European Shares Drop for 8 Straight Weeks

Global stocks slid in recent trading activity as concerns the Greek parliament may not approve austerity measures that are crucial for securing more bailout funds outweighed better-than-expected economic data.

In spread trading, European shares extended their slide to eight straight weeks in the longest losing streak since 1998, with Italian banks tumbling on Greek-related worries.

In share trading, concerns about the long-simmering European debt crisis trumped better-than-expected data on durable goods orders in the United States and German sentiment. May durable goods orders rose 1.9 percent after dropping 2.7 percent in April, the Commerce Department said. Economists had expected May’s orders to rise 1.5 percent.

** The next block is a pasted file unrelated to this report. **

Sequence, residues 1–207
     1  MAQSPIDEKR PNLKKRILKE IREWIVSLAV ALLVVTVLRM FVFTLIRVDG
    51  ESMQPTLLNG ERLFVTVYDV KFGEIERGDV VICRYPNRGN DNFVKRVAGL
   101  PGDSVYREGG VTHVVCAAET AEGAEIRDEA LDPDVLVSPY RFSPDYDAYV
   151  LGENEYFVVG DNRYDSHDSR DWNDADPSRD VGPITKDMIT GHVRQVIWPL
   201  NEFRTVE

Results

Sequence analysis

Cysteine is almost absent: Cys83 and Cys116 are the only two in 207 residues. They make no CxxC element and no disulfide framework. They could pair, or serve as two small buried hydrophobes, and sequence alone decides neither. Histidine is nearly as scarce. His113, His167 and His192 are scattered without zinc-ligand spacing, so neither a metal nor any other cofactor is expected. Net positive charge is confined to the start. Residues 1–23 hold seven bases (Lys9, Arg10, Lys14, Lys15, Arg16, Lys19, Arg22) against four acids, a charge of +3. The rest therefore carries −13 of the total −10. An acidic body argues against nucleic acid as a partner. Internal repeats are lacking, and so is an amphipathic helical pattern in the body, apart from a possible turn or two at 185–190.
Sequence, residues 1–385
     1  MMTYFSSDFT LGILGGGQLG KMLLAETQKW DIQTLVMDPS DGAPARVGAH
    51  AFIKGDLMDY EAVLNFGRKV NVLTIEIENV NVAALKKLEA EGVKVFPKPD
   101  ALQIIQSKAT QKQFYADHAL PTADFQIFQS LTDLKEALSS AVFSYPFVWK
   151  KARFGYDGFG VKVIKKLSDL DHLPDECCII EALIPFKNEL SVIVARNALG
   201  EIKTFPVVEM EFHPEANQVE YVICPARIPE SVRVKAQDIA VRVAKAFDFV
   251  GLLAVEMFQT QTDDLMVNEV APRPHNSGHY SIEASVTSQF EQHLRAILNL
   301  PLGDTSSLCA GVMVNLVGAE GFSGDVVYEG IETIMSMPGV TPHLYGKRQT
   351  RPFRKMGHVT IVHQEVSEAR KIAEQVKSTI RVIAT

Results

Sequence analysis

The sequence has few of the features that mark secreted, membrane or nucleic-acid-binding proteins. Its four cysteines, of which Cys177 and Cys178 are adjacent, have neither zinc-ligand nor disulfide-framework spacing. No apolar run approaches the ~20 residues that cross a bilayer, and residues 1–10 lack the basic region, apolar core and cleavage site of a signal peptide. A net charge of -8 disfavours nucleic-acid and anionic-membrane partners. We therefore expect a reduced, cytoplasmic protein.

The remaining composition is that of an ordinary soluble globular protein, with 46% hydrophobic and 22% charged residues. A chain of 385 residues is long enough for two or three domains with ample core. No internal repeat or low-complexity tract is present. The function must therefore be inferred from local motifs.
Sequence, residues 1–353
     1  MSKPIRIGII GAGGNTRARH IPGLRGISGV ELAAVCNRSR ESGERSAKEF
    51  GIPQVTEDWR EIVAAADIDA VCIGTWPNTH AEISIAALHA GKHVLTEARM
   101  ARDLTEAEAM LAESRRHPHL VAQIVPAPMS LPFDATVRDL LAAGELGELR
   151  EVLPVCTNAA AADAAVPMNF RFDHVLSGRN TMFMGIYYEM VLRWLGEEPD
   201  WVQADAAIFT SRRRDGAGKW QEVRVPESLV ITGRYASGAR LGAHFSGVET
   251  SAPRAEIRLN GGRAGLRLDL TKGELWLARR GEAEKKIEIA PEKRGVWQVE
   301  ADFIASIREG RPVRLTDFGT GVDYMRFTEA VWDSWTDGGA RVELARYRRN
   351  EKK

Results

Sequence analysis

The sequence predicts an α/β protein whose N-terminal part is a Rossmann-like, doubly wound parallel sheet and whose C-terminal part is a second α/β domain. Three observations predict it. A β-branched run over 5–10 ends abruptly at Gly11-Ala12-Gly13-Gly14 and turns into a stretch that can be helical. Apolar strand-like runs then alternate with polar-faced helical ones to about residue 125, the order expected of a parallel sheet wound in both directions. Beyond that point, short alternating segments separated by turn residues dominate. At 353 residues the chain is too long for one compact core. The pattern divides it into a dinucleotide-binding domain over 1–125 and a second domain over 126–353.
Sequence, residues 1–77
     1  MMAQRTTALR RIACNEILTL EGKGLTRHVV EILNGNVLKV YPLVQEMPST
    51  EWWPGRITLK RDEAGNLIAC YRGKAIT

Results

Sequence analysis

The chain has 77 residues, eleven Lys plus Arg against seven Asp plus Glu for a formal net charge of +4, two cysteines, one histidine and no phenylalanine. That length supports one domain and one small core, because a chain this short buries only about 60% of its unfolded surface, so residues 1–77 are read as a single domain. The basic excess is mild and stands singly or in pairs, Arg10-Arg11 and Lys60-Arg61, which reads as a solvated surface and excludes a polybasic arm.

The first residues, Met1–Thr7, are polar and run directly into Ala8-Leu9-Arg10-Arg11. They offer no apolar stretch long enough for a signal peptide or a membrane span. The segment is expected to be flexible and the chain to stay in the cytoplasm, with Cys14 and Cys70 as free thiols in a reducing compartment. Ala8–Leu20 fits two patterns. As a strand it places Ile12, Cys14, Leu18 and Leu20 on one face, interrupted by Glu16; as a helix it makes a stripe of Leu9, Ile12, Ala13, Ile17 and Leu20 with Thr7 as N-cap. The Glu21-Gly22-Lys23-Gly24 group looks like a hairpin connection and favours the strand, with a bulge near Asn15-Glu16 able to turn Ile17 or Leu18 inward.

The Munich-based Ifo think tank said its business climate index, based on a monthly survey of some 7,000 firms, rose to 114.5 in June from an originally reported 114.2 in May.

The Federal Reserve cut its forecast for US economic growth but gave no hint of further stimulus plans. The central bank said the US economy should grow between 2.7 percent and 2.9 percent this year, down from an April projection of growth between 3.1 percent and 3.3 percent.

The Fed’s pledge to continue maintaining interest rates at an exceptionally low level for an extended period indirectly buoyed oil prices because of the policy’s longer-term impact on the dollar.

The euro added to losses after Fed Chairman Ben Bernanke said at a news conference that a disorderly default in a European country would roil financial markets and the impact on the United States would be “quite significant.”

Economists said the Fed’s statement after a meeting by the interest-rate setting Federal Open Market Committee offered no surprises.

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